A few weeks ago, members of uOttawa Students for Life did some chalking around campus, helping to bring messages of truth and of love for preborn children and their mothers to our fellow students.
This morning, members of uOttawa Students for Life joined almost one hundred other volunteers from We Need A Law to plant 100,000 blue and pink flags on Parliament Hill. Each of these flags represents one of the 100,000 children killed by abortion in Canada every year since the Morgentaler decision in 1988.
The children represented by these flags were not much loved in life, and have rarely been remembered in death, except perhaps by their mothers and fathers, many of whom grieve by the loss of their children to abortion. But for most of us, these children’s lives ended so soon after they began that their deaths passed us by unnoticed and largely uncared for.
Today we took a stand to remember these children and to witness to the injustice committed against them. These children will never laugh or cry. They were never read a book or watch a play. They will never see a sunset. And they will never feel the embrace of the one they love. They were killed before any of that. They are victims of our individualist and consumer culture, as are their parents. But they will not go unremembered, at least not while we have anything to say about it.
Because we are pro-life. We want the unwanted. We defend the defenceless. And we witness to the beauty, the power, and the meaning of every single human life from conception till natural death.
The abortion debate is characterized by a mess of misinformation, fallacy, and ignorance. Objections about the quality of a child’s life, a woman’s personal choice, a child’s wantedness, and children of rape are all, in reality, surface level arguments that attempt to mask the real problem faced by pro-aborts: how do they redefine a fetus’ personhood? Most people would agree we can’t kill an 3 year old girl because her mother can’t afford to feed her; we don’t give a mother a “personal choice” to end her life because she is unwanted. A university student cannot be knifed in the back because he was a child of rape. These are not the real issues. In order to justify abortion, it must be established that they do not have any human rights; they must be denied personhood.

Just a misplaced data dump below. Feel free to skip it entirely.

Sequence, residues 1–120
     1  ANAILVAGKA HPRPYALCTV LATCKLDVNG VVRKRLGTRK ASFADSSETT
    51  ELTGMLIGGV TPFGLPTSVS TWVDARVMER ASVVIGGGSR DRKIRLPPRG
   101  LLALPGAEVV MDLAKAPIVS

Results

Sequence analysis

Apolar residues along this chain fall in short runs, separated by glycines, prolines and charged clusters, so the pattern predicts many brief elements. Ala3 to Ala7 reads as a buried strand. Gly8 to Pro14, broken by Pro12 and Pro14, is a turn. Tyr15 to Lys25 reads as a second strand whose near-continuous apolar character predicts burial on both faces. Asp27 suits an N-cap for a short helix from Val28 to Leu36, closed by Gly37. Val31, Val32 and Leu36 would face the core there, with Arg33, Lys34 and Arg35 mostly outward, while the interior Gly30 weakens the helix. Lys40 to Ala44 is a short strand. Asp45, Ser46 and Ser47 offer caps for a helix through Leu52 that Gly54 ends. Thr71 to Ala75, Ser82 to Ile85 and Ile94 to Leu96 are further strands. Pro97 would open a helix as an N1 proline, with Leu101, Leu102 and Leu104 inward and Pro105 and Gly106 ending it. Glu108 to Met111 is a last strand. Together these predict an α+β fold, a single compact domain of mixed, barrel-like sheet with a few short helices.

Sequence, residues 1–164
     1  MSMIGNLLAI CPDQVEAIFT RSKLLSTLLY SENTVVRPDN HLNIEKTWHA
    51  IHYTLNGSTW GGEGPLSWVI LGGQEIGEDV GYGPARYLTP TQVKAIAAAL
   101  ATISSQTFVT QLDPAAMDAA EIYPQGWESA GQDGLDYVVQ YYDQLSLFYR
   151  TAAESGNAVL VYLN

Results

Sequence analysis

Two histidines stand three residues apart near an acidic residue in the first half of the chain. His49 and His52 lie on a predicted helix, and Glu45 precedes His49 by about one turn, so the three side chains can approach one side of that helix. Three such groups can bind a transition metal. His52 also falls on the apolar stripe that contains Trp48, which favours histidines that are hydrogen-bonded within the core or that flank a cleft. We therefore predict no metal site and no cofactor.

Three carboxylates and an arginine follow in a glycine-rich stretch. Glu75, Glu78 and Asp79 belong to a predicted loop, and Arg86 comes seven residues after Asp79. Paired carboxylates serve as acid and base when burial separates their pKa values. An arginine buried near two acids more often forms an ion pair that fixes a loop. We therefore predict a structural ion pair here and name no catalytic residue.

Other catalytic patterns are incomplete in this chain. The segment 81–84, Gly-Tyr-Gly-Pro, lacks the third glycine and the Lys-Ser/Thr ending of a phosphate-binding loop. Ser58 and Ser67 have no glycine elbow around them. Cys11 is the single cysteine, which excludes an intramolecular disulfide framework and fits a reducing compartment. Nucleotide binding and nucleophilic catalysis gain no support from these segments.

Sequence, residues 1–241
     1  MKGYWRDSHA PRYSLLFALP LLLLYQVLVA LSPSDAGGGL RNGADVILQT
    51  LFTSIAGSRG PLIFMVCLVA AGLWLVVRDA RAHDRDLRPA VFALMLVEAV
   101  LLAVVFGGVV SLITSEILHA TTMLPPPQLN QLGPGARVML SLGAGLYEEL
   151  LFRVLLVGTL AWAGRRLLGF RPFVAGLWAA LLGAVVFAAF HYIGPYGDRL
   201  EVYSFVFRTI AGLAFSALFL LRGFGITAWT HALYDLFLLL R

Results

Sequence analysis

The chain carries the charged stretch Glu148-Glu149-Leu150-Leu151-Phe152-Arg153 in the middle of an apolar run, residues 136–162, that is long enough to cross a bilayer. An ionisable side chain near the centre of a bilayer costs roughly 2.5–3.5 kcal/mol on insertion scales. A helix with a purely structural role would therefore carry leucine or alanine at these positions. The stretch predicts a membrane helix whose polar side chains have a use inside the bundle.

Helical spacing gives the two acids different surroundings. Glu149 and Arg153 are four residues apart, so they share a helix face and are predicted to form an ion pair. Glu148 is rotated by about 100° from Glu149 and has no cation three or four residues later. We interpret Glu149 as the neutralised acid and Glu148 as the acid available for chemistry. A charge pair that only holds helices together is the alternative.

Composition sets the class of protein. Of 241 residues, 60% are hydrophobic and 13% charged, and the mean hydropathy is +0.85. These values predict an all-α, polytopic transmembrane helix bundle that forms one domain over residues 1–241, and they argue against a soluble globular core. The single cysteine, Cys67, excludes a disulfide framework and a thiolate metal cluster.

Denying personhood is not an easy intellectual or philosophical feat, which is why the above arguments are favorites of those defending the killing of unborn children. Science will not help them out; the evidence clearly shows that a fetus is alive, growing, and has human parents. According to the law of biogenesis, this fetus is human. It’s not a parasite, and it’s not an organ. The problem a pro-abortion intellectual faces is the redefinition of life. They must discern when, if not at conception, human rights do apply. Canada’s criminal code defines it as the moment that the child is completely born; this legal definition has no foundation, no scientific rhyme or reason, and is essentially indefensible from a philosophical standpoint. Others have tried harder to find that crucial point at which human rights apply, and have been forced form conclusions that cross accepted social boundaries. Philosopher Michael Tooney argues that in order for a human to have rights, it must be capable of having interests. Because an unborn child or a newborn presumably does not have the ability to take interest in it’s abilities or future, it does not deserve the protection of its life. Taking a similar but not identical stance, Peter Singer states that a being’s humanity is irrelevant to the wrongness of killing it; rather, it is characteristics like rationality, autonomy, and self-consciousness that give someone human rights. He argues that infants and the unborn do not possess these characteristics, and therefore should be able to be killed. The problem is that neither of these arguments is more convincing than the other, or is convincing at all. Attempting to redefine personhood opens up a philosophical can of worms; the necessity of defining some sort of personhood in order to protect human rights in some form results in subjective, arbitary ideas of what merits human rights, as shown above.
The effects of denying personhood are tragic, inevitable, and unfortunately obvious. In Canada, from 2000 – 2009, 491 babies died after they were born alive after failed abortions. According to the Criminal Code, these babies should have rights, and the abortionists should be prosecuted for murder; however, respect for personhood has declined to the extent that there was no criminal investigation. In Belgium, Parliament is poised to allow child euthanasia for gravely ill children; in other words, the state is about to sanction the murder of sick kids. Denial of personhood does not only affect children; in the Netherlands, the number of elderly persons killed by euthanasia has more than doubled in the decade since it was legalised.